St. Gregory the Great (540 – 604)
Pope Saint Gregory I was born in Rome of noble and wealthy parents. After lengthy reflection on the moral conflicts associated with government and power, he renounced worldly ambitions, distributed his substantial wealth and goods to the poor and retired to a monastery. He administered the needs of his monastery so admirably that he was called to serve the Pope as the papal ambassador to Constantinople. He is known first for his holiness and insight, and then for his masterful rebuilding of the Western Church from the rubble of barbarian invasions which completed the fall of the Roman Empire in the West. His writings portray creation as everywhere filled with the glorious presence of Christ Who made all things translucent and transparent to the illumined mind.
Why Human Perspective of Creation Can Vary
While the monks were still sleeping, Benedict, the man of God, was keeping vigil. Standing in front of his window in the dead of night he was praying to the Lord when suddenly he was filled with an extraordinarily bright blazing light, and it dispelled the darkness and radiated with such brilliance that it would have outshone the light of day. While he was caught up in this light, something extraordinary happened. As he described it later, the whole world was gathered up before his eyes as if in a ray of sunlight….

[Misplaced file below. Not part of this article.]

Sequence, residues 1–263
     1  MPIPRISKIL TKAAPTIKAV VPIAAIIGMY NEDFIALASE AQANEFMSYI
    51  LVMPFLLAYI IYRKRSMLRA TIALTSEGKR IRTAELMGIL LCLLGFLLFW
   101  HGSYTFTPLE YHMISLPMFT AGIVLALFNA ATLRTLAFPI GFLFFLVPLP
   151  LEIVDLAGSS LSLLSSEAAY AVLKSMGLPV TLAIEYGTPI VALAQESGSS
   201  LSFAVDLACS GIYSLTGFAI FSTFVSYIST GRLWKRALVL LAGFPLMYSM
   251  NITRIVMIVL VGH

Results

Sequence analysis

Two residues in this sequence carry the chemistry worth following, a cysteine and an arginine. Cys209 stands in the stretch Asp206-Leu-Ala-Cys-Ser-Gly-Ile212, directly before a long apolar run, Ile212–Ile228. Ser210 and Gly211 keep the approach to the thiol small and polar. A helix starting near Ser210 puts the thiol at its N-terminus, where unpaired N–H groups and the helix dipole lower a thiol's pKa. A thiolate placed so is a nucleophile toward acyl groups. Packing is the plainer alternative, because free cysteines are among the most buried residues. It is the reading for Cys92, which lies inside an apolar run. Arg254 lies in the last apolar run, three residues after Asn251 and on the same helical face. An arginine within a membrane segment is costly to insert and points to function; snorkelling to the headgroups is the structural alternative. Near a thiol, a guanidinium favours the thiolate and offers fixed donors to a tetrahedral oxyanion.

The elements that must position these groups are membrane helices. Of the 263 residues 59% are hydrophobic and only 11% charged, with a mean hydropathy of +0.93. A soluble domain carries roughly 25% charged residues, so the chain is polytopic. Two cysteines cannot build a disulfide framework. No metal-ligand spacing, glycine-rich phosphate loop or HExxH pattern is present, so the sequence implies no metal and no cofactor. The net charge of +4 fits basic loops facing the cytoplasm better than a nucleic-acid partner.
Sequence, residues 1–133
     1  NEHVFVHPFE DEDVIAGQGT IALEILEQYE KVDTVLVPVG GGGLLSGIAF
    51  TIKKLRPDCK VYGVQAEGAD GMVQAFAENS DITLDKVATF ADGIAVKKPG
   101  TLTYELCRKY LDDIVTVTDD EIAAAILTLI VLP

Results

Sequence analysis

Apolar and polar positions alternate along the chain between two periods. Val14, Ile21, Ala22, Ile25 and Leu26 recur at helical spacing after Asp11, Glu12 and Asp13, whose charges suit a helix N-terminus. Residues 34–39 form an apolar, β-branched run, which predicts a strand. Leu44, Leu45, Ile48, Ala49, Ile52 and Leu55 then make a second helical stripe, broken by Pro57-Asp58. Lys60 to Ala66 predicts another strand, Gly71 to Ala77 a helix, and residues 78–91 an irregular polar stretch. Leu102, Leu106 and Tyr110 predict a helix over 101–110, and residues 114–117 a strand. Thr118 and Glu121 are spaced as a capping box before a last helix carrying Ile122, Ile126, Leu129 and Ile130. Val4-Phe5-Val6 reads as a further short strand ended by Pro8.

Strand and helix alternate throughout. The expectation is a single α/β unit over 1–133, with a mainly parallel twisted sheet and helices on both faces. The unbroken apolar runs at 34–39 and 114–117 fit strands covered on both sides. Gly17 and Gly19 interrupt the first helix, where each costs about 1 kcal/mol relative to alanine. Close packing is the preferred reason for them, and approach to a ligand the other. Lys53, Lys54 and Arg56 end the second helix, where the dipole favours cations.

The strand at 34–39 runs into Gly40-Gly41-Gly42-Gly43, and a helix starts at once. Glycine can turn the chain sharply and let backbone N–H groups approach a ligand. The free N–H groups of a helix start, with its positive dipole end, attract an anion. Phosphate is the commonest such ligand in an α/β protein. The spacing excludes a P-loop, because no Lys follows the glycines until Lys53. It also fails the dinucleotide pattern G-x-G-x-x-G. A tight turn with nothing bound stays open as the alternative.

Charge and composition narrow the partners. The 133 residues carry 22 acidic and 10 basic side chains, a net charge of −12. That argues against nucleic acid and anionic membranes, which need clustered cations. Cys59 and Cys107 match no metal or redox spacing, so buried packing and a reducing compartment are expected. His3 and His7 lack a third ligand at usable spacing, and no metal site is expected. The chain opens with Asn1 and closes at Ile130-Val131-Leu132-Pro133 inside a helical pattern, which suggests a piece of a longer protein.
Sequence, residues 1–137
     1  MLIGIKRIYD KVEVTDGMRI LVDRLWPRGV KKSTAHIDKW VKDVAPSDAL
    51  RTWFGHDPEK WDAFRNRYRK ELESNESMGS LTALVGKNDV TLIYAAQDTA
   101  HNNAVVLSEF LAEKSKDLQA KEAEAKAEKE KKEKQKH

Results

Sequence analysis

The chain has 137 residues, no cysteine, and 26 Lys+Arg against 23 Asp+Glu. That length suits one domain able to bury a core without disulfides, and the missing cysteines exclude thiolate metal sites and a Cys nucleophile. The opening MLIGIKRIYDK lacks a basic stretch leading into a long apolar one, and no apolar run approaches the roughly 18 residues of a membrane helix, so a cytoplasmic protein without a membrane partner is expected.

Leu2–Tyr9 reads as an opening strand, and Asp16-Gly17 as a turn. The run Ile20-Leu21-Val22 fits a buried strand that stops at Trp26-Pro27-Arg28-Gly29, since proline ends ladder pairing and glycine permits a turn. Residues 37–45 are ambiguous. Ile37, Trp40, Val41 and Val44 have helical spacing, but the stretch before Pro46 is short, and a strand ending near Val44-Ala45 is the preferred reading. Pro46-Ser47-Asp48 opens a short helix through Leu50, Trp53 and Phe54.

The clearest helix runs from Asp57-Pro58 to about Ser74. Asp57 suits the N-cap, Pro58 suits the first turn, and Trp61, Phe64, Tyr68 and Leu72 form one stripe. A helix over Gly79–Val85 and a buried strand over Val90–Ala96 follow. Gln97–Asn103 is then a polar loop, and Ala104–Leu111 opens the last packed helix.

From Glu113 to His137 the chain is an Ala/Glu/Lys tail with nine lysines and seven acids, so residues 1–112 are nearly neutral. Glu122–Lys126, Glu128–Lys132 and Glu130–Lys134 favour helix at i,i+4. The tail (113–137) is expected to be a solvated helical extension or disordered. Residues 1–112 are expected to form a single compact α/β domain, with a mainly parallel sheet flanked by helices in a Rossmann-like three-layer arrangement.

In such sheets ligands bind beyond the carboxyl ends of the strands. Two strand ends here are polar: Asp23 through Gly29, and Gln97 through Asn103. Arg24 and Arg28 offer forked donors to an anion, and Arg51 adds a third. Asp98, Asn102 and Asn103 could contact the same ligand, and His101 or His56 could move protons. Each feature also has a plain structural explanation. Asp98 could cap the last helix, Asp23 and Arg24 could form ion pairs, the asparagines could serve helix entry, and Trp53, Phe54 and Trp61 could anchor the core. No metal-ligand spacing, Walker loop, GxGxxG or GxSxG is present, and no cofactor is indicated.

How is it possible for the whole world to be seen in this way by a human being? … For a soul who beholds the Creator, all creation is narrow in compass. For when a person views the Creator’s light, no matter how little of it, all creation becomes small by comparison in his eyes. By the light of interior contemplation or inner vision, the inner recesses of the mind are opened up and so expanded in God that they are above the universe. In fact, the soul of the beholder rises even above itself. When it is caught up above itself, it is made ampler within. As it looks down from its height, it grasps the smallness of what it could not take in its lowly state.
Therefore, as Benedict gazed at the fiery globe, he saw angels too returning to heaven….
To say that the world was gathered together before his eyes does not mean that heaven and earth shrank, but that the mind of the beholder was expanded so that he could easily see everything below God since he himself was caught up in God.
~ Dialogues II:35-38. Quoted in Fullness of Life, By Margaret R. Miles, Wipf and Stock Publishers, 2006, p. 90.
The Bible as a River
[The Bible] is, as it were, a kind of river, if I may so liken it, which is both shallow and deep, wherein both the lamb may find a footing and the elephant may float at large.
Morals on the Book of Job, Vol. 1, Chapter 1. In Library of the Fathers of the holy Catholic Church, J.H. Parker, 1844, p. 9.
God as the necessity for all created things
All things would tend to nothing in virtue of their nature if they were not governed by God.
~ Commentary On the Book of Job, 16, 37,45 (PL 75,1144).